Organize and Enable
The business must establish an enterprise process assurance function that is supported by an automation capability and process. This function requires minimal but dedicated staffing whose role is to coordinate the capture, configuration, execution and maintenance of end to end business processes. The team is responsible for validating critical end to end processes against any and all proposed changes to assure they will not compromise operations, and for analyzing changes to determine when the process inventory requires modification, enhancement or expansion. In a nutshell, the enterprise process assurance team assures operational stability, process availability and accuracy across a constantly changing technology landscape.
This team must be enabled by an advanced automation capability that mirrors the enterprise software model in that it is based on a data model that does not require any code to be generated, written or maintained. This type of approach is exemplified by the class/action framework. Furthermore, it must be supported by a change detection process that can quickly identify differences between the existing system and any proposed changes and determine the impact on the business processes. This is the only approach that can withstand the high rate of change in the enterprise environment without requiring excessive resources, skills and time.
Capture and Configure
The enterprise process assurance team recruits business process experts from each department to contribute their knowledge to a central repository that links every step of every process to a data model of the application. These processes are captured in a standard, structured data format that can be automatically executed, documented and maintained. The link between the processes and the application data model enables automated change detection, impact analysis and update of business processes.
Based on the captured business processes and related business rules as defined by the individual process owners, the enterprise process assurance team configures the variations necessary to exercise each business rule outcome and then assembles end to end mega processes and supporting data values that enable validation across the enterprise. For example, order to cash, procure to pay, forecast to stock, or hire to retire, and all variations of each. The team can further construct a matrix of processes against security roles to assure that only authorized users are able to perform them as defined by internal controls.
Analyze and Update
For every proposed change, regardless of scope, the enterprise process assurance team analyzes the nature of the change(s) and assesses the impact on the business process inventory. If the changes include configuration changes to the software, the business process owners for the associated functional area may be consulted to identify revisions to existing processes or rules or requirements for new processes or variations. If the changes affect master data, the validation data values may be modified or expanded. The goal is to keep the enterprise business process inventory and supporting data elements synchronized with all changes.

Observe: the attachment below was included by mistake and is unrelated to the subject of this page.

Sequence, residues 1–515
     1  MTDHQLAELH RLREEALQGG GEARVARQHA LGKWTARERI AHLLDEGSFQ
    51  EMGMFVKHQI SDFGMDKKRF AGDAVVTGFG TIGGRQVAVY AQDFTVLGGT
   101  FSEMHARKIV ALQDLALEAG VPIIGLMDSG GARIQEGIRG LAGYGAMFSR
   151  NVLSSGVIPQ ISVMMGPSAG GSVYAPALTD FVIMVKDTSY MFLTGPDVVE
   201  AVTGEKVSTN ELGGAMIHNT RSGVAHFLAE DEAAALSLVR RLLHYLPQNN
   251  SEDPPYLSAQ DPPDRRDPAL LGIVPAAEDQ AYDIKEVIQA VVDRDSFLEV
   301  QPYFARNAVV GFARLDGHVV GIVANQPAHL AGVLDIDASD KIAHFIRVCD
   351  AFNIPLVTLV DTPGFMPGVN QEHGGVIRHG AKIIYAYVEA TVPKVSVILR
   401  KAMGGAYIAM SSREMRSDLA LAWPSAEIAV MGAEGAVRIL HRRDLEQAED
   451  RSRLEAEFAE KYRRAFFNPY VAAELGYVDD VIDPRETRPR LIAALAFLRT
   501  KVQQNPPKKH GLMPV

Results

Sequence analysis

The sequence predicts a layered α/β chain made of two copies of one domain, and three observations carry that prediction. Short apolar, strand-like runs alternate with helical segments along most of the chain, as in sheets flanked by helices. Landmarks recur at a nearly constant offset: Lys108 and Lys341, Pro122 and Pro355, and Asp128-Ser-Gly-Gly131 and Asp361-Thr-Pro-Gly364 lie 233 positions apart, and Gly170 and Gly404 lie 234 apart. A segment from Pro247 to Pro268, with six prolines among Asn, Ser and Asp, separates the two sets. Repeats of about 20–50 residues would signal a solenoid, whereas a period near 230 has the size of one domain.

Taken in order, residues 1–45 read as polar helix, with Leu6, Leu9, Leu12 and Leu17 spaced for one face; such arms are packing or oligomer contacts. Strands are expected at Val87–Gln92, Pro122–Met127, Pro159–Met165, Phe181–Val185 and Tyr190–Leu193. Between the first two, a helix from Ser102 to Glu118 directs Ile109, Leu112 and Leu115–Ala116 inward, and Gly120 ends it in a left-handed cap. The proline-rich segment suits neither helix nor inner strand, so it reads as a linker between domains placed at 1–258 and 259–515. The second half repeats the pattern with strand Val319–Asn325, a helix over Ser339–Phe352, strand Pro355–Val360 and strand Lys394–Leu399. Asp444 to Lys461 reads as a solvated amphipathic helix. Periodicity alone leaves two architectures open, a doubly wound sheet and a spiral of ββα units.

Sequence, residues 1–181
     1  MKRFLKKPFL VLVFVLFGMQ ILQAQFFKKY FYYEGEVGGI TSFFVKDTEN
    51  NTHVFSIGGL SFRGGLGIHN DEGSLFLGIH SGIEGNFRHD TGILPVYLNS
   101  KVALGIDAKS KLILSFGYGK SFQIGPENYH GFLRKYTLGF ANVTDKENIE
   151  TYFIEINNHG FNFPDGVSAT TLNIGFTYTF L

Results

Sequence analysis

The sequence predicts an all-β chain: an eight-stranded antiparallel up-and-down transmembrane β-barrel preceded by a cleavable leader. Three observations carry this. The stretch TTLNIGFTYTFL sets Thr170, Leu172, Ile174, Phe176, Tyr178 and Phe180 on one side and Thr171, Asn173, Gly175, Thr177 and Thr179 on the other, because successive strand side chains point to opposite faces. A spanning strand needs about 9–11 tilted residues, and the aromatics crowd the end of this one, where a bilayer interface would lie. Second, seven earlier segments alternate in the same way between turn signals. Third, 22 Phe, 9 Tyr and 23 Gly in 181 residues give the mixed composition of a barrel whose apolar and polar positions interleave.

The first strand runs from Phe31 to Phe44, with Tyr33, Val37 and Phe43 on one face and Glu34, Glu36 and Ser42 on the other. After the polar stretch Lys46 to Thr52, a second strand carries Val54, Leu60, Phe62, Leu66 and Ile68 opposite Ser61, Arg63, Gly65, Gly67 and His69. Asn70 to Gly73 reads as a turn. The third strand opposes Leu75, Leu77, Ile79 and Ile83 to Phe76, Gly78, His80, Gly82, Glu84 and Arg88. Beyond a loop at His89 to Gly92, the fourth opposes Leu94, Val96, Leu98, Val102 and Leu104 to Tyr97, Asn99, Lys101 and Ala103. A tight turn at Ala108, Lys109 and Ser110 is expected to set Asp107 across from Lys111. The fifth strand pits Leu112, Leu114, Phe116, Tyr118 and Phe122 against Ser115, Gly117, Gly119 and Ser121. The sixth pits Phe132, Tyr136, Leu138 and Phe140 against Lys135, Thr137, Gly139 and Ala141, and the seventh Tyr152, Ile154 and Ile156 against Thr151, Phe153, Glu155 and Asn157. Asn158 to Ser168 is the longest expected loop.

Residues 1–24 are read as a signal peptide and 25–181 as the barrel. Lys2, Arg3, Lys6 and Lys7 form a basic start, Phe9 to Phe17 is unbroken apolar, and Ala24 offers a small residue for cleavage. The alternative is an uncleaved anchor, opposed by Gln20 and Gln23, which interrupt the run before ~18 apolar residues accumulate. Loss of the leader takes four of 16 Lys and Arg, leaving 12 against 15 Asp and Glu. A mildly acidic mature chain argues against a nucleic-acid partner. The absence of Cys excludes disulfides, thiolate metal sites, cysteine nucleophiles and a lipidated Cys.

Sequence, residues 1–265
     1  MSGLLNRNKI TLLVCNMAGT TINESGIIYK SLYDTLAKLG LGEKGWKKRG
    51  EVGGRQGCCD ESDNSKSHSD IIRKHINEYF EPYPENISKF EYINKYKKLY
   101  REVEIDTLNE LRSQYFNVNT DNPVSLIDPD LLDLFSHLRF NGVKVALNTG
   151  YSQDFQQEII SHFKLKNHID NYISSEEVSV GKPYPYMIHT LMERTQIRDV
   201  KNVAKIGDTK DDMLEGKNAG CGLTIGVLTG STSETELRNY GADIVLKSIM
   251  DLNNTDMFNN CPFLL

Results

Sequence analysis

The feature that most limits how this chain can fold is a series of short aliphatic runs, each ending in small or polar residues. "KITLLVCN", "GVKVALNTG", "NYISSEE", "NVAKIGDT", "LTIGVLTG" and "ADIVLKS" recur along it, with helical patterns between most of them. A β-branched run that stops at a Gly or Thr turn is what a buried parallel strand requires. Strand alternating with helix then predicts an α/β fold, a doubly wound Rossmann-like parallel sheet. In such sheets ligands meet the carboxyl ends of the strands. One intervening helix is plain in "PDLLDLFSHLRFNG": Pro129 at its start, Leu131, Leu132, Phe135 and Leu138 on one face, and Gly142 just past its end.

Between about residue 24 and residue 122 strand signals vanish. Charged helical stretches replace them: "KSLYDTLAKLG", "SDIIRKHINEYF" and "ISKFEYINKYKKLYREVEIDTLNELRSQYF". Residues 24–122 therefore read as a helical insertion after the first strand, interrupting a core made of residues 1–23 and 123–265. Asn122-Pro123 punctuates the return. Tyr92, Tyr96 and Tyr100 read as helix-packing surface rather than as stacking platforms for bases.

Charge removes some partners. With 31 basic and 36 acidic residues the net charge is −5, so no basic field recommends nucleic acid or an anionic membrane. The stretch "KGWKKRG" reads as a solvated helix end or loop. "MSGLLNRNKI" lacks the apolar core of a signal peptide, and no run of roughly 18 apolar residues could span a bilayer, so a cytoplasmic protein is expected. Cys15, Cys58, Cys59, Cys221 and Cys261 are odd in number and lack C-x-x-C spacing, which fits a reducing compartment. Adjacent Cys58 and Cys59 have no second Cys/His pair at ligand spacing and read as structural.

Validate and Document
Once the changes are moved into a staging instance, the enterprise process assurance team automatically executes the end to end mega processes and validates that each and every process and rule results in the correct expected result. This execution creates an audit trail that documents every step of every process with actual and expected results, providing objective evidence of compliance. Screens can be captured to further document results.
The audit trail created by the validation effort can be repurposed as detailed documentation of business processes for user training and reference. This documentation is always current and always accurate, as it is validated every time changes are introduced. New users or those who must substitute for others who are temporarily unavailable will have access to complete, step-by-step business process procedures that guide them through any desired task.
Packaged enterprise software yields compelling benefits by enabling the business to be quickly responsive to competitive pressure and operational imperatives. These benefits introduce risks, however, that must be managed by an enterprise process assurance approach that can assure the ease and rapidity of changes does not compromise critical operations. This approach can only be effective if the business takes responsibility for validation using a solution that employs the same advantages that make enterprise software effective.
About the Author
Linda Hayes Linda Hayes is the founder of WorkSoft, Inc., developer of next-generation test automation solutions. She is the founder of three software companies including AutoTester, the first PC-based test automation tool. Linda holds degrees in accounting, tax and law and is a frequent industry speaker and award-winning author on software quality. She has been named as one of Fortune Magazine’s People to Watch and one of the Top 40 Under 40 by Dallas Business Journal. She is a regular columnist and contributor to StickyMinds, Automated Testing Institute and Better Software magazines, as well as a past columnist for Computerworld and Datamation, author of the Automated Testing Handbook and co-editor Dare to be Excellent with Alka Jarvis on best practices in the software industry. Her article “Quality is Everyone’s Business” won a Most Significant Contribution award from the Quality Assurance Institute and was published as part of the Auerbach Systems Development Handbook. You can contact Linda at firstname.lastname@example.org.